At its October 10 meeting, the Anaheim Union High School District Board of Education voted unanimously to place a $398 million school bond on the March 2020 ballot for voter consideration.
If passed, property owners would be taxed at a maximum rate of $30 per $100,000 of assessed valuation of taxable property. So, a homeowner whose house has an assessed value of $700,000 would find another $210 tacked onto his or her property tax bill. Since single-family homes constitute 44% of the assessed property valuation in the AUHSD, the proposed bond’s costs will fall most heavily on homeowners.
The AUHSD’s revenues for the 2018-2019 fiscal year were $407,973,348; expenditures were $425,600,076. 51% of AUHSD spending was for employee salaries, and another 29% was for pensions and benefits.
AUSHD has experienced declining student enrollment for years. The estimated enrollment for the 2019-2020 school year is 28,450 – down from 30,339 in 2013-2014. However, district spending has been increasing even as the number of students enrolled in AUSHD schools has been decreasing.
The AUHSD spent about $40,000 this summer on polling (using the political polling firm Fairbanks, Maslin, Maullin, Metz) to gauge voter receptiveness to passing yet another school bond. According to the district’s “Community Colloquium Consensus Report,” the poll showed 61% of AUHSD voters supportive of another school bond.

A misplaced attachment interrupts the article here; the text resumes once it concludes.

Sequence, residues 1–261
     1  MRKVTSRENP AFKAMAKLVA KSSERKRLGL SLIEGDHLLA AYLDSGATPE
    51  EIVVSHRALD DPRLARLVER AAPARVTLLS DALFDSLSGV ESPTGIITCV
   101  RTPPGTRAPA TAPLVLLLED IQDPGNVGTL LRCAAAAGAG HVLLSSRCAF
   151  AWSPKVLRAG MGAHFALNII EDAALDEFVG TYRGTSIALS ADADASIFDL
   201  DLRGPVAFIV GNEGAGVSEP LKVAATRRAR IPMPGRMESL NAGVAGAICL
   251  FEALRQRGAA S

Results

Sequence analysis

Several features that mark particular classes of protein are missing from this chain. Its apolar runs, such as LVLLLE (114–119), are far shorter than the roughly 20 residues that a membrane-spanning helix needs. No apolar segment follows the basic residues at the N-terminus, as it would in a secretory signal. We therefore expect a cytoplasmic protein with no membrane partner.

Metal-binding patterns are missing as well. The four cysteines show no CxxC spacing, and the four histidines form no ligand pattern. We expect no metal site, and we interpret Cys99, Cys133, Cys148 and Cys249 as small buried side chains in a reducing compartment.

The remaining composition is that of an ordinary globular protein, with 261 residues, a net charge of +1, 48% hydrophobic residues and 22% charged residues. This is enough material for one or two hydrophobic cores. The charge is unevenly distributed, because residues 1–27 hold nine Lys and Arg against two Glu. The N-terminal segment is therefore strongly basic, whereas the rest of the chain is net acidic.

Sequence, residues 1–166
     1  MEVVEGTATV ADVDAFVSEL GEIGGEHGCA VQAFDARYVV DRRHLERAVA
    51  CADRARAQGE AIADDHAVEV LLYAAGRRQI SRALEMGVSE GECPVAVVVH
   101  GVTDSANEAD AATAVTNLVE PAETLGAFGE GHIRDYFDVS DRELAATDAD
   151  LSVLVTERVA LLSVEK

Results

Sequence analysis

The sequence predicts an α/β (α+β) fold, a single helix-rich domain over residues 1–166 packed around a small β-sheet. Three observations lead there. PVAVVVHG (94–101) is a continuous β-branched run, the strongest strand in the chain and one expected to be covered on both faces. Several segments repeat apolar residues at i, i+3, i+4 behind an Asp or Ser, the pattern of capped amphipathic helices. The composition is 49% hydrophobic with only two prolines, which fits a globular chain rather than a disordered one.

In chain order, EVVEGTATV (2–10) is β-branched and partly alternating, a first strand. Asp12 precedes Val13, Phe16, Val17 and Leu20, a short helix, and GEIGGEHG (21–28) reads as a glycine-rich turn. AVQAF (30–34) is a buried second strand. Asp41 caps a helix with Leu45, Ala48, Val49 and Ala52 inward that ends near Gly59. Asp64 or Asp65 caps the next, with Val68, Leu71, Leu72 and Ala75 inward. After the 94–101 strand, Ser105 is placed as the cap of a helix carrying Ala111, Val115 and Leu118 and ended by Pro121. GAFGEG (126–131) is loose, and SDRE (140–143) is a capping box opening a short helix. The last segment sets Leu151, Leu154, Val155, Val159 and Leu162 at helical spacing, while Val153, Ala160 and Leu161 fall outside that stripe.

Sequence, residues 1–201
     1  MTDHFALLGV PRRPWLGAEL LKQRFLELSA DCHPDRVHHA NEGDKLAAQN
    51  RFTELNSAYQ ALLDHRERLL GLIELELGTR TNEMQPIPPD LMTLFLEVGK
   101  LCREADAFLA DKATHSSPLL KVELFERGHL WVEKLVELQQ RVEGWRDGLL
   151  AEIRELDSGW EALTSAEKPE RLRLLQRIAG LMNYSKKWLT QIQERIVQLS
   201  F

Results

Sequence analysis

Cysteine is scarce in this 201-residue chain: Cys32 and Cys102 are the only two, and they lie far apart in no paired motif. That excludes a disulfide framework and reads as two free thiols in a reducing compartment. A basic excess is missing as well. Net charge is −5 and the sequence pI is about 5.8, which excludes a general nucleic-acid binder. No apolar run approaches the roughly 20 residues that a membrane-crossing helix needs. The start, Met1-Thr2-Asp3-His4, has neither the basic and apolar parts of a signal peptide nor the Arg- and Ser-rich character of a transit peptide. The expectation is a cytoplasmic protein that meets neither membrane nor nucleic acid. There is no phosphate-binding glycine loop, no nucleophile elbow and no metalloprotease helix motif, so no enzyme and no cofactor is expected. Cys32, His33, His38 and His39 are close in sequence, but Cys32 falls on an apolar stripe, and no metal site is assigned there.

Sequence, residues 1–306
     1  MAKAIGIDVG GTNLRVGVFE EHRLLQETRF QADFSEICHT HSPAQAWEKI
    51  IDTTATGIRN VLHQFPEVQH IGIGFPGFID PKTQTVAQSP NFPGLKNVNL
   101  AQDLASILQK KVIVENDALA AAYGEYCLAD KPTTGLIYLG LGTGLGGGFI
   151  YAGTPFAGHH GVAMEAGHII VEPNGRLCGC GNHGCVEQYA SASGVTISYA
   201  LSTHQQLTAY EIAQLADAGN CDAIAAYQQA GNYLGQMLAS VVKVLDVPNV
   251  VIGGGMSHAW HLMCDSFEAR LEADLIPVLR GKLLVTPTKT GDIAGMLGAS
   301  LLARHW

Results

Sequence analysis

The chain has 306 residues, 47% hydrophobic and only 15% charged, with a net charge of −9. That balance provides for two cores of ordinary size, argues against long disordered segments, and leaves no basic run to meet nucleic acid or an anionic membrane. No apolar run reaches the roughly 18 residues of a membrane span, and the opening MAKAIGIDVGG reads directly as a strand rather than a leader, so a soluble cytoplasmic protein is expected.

This report was dutifully signed by the district’s executive leadership, principals and consultants. It called for the AUHSD to undertake a communications campaign to build voter support for the impending bond initiative, including:
- “Message to voters the plans for the use of funds”
- “Use existing school activities (coffee, walks, etc.) to inform”
- “Educate on how bonds work and how the funds will be spent”
- “Use tools such as website, social media, time-lapse videos, etc.”
- “Engage and hold accountable our cities and city council members”
In other words, use taxpayer dollars to build voter support for a political campaign.
While the bond language stipulates that bond proceeds cannot be used to boost the salaries and benefits of teachers, administrators and other school employees, the reality is district monies are fungible. If the bond passes, monies that would otherwise be appropriated for capital expenditures can be shifted into employees’ salaries and benefits – by far the biggest consumers of district revenues.
If experience is any guide, the campaign for pass the bond will be funded by the school employees unions and businesses that do business with the AUHSD. district vendors. During recent school bond campaigns in districts like Garden Grove Unified, the campaign reports of the pro-school bond campaign committees read like lists of existing district contractors, vendors, plus businesses that stand to make money on construction.
This $398 million school bond comes just six years after AUSHD voters approved Measure H, a $249 million school bond (although once interest is included, the cost of Measure H is more like half-a-billion). In fact, the language of the two school bond initiatives is virtually identical – AUHSD officials tweaked a few words and changed the dollar amount from $249,000,000 to $398,000,000.
At the time of Measure H’s passage in 2014, the AUHSD was saddled with more than $95 million in debt from Measure Z, the mismanaged $132,000,000 school bond passed in in 2002.